Prime Minister Viktor Orbán has greeted Hungarians around the world on the occasion of Hungary’s national holiday marking the outbreak of the 1848 revolution, the PM’s press chief said on Monday.
In a letter to Hungarians, Orbán said the revolution sends the message that “the power to improve our lives is always in the hands of those who are able, willing and courageous enough to lift up the Hungarian nation.”
“It is with this faith and courage that we must pull through once again, as we face a renewed wave of attack by an invisible enemy,” the prime minister said.
On March 15, “the day of the birth of Hungarian freedom”, the Hungarian cockade, a ribbon rosette of the national colours, “symbolises our proud remembrance of our heroes, who in the spring of 1848 lit the flame of Hungarian freedom.” Orbán said. “This flame has been burning bright across Europe ever since, fuelled by millions of Hungarians from generation to generation from this side of the Carpathians and beyond.”
Over the past centuries, Hungarians have learned “that freedom is not an ideology, but that rather we have a blood-earned right to use our language, nurture our unique heritage and organise our lives in accordance with our own mentality”, he said.
Orbán said the heirs to the soldiers of 1848 were the tens and hundreds of thousands of doctors, nurses, scientists, law enforcement officers and others going to work and doing their job every day in spite of the threat of the pandemic. “They are warriors who are fighting this campaign tirelessly so that we can get our lives back and, together with the peoples we live with, continue building the home of all Hungarians, the Carpathian Basin, once the virus has passed,” the prime minister said.
“Long live Hungarian freedom, long live the homeland,” Orbán concluded his letter.
Orbán: One generation’s courage empowers the next
One generation’s courage and ability to hold its own is what gives strength to the next generation, Prime Minister Viktor Orbán said in a video message on Monday, marking Hungary’s March 15 national holiday.
March 15 is not just a day of remembrance, but also one to be thankful, the prime minister said. “It was not just the Hungarians of 1848-49 who held their own, but we also drew strength from their courage in 1956 and later in 1989-90,” he said.
“This is how the nation is built,” Orbán said. “One generation’s courage and ability to hold its own is what gives strength to the next generation.”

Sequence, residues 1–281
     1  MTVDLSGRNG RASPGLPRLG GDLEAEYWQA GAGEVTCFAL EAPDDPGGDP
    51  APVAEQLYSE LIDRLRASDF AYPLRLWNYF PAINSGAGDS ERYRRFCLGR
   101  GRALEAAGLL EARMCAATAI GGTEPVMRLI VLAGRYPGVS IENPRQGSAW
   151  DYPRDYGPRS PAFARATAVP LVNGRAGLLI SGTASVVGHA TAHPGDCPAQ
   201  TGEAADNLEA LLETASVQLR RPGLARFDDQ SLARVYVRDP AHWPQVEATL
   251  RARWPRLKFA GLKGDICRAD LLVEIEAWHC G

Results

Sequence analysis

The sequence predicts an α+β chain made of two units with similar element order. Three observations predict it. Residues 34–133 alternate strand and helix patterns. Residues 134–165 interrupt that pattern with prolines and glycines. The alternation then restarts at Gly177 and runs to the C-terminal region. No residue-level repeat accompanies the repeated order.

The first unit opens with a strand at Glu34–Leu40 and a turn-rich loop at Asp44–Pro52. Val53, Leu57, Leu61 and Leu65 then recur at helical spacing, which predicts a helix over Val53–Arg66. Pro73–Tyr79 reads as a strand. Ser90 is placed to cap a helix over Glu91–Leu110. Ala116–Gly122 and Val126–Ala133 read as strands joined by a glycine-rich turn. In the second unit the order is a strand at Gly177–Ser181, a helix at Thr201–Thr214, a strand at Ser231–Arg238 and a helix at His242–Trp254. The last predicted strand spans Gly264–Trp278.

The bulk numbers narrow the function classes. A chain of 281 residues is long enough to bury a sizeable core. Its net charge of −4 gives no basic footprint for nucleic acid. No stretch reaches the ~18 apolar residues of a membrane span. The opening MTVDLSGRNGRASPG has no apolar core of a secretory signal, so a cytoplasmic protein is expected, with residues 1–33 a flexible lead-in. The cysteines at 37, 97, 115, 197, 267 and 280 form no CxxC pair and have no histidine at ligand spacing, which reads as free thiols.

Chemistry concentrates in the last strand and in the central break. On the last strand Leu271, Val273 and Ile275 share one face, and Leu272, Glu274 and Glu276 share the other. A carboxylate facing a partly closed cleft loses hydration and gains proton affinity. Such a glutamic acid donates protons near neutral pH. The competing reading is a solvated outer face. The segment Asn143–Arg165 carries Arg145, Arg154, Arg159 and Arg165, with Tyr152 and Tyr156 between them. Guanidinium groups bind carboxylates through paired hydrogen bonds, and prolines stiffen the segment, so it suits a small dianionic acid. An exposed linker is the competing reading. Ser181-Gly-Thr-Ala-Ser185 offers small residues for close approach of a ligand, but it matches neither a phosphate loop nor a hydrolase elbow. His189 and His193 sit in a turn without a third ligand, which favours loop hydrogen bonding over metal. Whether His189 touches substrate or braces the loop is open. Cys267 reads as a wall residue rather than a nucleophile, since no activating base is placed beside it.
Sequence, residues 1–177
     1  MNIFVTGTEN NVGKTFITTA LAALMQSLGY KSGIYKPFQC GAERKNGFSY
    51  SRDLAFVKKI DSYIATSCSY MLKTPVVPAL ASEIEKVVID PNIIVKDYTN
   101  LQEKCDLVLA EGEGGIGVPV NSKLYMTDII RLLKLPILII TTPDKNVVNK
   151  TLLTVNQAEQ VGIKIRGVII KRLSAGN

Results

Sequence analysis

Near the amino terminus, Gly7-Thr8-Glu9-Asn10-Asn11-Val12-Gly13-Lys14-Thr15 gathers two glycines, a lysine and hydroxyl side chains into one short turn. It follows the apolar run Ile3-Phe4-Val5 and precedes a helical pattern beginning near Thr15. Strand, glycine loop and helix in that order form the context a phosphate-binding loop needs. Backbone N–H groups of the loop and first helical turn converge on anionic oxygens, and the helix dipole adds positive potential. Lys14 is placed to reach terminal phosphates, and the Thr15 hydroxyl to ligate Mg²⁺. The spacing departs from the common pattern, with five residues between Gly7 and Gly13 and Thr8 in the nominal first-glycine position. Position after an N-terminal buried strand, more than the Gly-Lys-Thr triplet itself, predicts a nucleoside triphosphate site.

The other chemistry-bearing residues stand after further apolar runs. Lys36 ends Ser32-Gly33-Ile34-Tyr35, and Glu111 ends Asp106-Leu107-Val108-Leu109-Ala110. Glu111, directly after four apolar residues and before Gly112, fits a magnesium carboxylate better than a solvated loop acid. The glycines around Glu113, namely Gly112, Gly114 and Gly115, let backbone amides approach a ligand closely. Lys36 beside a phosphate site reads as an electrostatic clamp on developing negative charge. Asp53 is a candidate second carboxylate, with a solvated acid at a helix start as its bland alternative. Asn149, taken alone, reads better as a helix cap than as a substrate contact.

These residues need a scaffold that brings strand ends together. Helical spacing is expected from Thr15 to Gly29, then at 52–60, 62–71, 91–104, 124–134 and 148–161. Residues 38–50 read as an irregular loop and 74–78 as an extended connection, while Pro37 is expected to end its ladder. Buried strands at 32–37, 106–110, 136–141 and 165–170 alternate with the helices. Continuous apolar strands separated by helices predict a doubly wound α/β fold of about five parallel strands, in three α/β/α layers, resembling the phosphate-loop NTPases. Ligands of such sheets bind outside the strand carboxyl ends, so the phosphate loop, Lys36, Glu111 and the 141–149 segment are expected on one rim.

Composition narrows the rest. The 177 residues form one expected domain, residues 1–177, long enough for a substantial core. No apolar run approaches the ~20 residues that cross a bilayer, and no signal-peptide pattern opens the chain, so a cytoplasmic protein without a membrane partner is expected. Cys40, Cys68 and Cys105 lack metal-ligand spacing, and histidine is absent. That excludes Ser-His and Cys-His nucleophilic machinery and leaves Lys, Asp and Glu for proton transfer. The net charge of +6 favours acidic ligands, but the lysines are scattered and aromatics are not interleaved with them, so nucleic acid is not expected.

“Today, the situation is the same,” he said. “Not only do we have to save lives and contain the pandemic, but we also have to set an example to our children and grandchildren through our successful management of the pandemic and our courage to hold our own, so that if they find themselves in trouble, they have something to look back on.”
Orbán expressed hope that Hungary would “have something to leave to our children”.
Ministers mark national holiday
Hungary’s justice and family affairs ministers marked the anniversary of the 1848-49 revolution and freedom fight by highlighting the message of the national holiday and drawing parallels to Hungary’s fight against the pandemic.
“This is a different kind of holiday now: one of composure and care,” Justice Minister Judit Varga said in a video message. “We can only defeat the virus together. If we observe the rules, we’ll save not only our loved ones and ourselves but also our homeland.”
Varga called on Hungarians to take the time to remember those who had got sick from the virus and the health workers caring for them.
Hungary’s government is working to ensure “that there will finally be a day when we get our old lives back”, she said.
Katalin Novak, the minister for family affairs, said the revolution of 1848-49 carried the promise of resurgence and hope.
“The need for these in 2021 is especially great,” Novák said in a video on Facebook, noting that the pandemic “has been putting families and communities to the test for a year now”.
“We’re a freedom-loving nation, and over the course of our history, we’ve always risen up whenever foreign ideas, languages or powers were forced on us,” she said. “This time it’s the virus that restricts our movement, freedom to gather or practice our faith and hurts the economy.”
Hungary will only regain its freedom through commitment, Novák said. The country must give everything it has to preserve its achievements of the last ten years, while continuing to function, she said.
Featured photo illustration by Tamás Kovács/MTI